Franks/Mann Violation

Next, Beyer targets the averments in the warrant affidavit discussing “collectors” of child pornography. (¶28). This line of argument ultimately relates to and is intertwined with his probable cause argument, discussed below. Beyer is aggrieved because, while the warrant affidavit talked about the “tendency” of persons who download child pornography to retain those images for later viewing, the agent’s testimony conceded that not all persons who access child pornography over peer-to-peer systems retain the images. (¶40).

COA easily rejects this challenge, however, as it disagrees that there is any contradiction between the warrant affidavit and the agent’s testimony, let alone a contradiction that would sustain Beyer’s somewhat thinly-developed Franks/Mann argument. (¶51). Thus, while COA agrees that the agent’s testimony recognizes a possibility not discussed in the affidavit–that the peer-to-peer user may not actually retain the file permanently–Beyer is really faulting the affiant for not “flesh[ing] out any and all alternative reasonable inferences” despite the affidavit also using “terms indicating less-than-certain probabilities and tendencies that the evidence is there.” (¶52). In COA’s view, this is not at all equivalent to the well-settled requirement for a “deliberate falsehood or reckless disregard for the truth[…].” (Id.). Beyer is asking COA to stretch and modify these precedents to cover this scenario, and COA declines the invitation. (Id).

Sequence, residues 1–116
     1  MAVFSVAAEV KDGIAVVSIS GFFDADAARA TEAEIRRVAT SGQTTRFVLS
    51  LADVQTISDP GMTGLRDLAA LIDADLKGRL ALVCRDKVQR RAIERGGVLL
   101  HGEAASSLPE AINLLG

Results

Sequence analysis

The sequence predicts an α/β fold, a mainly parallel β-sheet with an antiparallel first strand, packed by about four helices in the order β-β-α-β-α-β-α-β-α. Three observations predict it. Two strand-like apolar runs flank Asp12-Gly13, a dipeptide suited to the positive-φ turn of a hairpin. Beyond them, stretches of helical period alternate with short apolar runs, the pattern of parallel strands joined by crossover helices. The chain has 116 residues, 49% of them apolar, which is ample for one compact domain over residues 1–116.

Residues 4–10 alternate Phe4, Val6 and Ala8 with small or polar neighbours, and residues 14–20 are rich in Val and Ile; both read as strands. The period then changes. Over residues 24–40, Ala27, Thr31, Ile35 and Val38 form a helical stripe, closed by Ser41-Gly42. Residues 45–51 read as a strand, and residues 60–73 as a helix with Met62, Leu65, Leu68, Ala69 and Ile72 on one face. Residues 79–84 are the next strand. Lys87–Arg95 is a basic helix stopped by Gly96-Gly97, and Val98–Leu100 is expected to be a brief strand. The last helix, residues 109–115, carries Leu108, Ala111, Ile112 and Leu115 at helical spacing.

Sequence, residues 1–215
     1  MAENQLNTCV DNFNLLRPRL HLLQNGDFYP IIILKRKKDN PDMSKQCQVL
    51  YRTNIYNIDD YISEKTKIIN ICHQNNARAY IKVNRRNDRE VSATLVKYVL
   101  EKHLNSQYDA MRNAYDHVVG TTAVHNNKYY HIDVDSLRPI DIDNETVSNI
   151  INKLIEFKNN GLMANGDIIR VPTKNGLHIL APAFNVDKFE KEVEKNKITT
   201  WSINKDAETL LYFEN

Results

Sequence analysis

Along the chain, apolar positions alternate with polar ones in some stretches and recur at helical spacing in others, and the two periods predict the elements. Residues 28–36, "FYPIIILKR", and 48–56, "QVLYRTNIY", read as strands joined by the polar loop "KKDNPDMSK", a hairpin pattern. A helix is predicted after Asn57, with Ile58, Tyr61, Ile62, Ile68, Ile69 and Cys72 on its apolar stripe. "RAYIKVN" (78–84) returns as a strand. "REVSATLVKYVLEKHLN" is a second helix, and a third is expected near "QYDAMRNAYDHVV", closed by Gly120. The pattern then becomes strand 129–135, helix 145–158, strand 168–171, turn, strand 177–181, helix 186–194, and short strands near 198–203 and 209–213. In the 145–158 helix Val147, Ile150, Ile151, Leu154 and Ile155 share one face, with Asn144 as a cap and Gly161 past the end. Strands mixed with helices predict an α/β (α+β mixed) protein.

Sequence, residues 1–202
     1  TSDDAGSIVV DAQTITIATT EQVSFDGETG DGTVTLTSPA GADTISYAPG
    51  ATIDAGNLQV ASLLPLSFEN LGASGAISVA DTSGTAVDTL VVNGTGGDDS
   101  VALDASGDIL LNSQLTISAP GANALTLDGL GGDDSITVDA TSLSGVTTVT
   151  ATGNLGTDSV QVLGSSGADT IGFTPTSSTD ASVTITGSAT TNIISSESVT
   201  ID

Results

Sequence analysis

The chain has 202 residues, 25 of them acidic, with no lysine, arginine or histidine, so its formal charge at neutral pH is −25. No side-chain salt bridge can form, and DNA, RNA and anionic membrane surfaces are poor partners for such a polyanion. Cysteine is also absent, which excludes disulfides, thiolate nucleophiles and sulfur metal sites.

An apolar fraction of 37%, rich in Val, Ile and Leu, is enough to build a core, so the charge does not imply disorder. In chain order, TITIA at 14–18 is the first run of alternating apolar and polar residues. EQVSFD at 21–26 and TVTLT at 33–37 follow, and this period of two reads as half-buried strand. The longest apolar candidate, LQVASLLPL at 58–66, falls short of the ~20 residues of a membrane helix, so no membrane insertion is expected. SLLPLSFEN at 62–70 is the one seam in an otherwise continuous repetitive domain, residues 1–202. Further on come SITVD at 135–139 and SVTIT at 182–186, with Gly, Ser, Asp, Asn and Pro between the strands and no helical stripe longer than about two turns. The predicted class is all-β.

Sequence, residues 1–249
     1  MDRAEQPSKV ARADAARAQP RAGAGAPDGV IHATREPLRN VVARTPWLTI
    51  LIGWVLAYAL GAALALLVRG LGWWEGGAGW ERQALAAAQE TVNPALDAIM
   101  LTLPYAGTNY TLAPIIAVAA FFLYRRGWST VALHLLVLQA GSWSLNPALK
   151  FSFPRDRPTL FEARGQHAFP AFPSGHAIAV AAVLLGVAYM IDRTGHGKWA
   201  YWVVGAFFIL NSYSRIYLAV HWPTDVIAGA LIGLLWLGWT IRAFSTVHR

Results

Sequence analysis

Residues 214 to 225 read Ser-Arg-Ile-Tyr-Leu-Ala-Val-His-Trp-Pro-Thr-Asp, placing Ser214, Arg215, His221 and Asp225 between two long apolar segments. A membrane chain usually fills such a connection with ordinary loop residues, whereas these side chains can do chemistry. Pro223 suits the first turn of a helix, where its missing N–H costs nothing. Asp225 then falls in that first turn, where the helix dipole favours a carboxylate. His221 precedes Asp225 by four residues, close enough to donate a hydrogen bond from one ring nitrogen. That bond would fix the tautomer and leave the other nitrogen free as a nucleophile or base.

Probable Cause

Beyer argues that “averments that someone merely shared a file of child pornography from his IP address does not establish probable cause that he knowingly obtained or shared the file, or more generally that he was someone ‘likely to retain [child] pornography.'” (¶57). Beyer gets it wrong, however, because the warrant affidavit did not need to address each element of the charge of possession of child pornography; rather,  all the State needed to establish in order to obtain a warrant was that contraband–child pornography–would be found in the place searched. (¶58). The fact that a device at Beyer’s residence was used to share child pornography meets the mark. (Id.).

Sufficiency of the Evidence 

Finally, Beyer claims the evidence was insufficient to convict. (¶63). Beyer does not dispute that the single image at issue at trial was child pornography; instead, he argues the State did not prove his “knowing possession” thereof. (¶65). Beyer appears to argue that, because the “last accessed” and “last modified” times for the file exactly match the time at which the image was downloaded, then there is no evidence he actually opened it. (¶74). He argues that if he did not open it, then he could not have known what the file contained. (Id.). However, the State’s expert testified the file was “opened,” and Beyer does not develop any argument as to why this testimony could not have been relied on by the factfinder. (¶75). The remaining evidence–including Beyer’s statement to law enforcement that he regularly downloaded and viewed child pornography as well his downloading and viewing of other images in the same “set” at the same time–totally undermines his sufficiency argument and COA affirms. (¶76).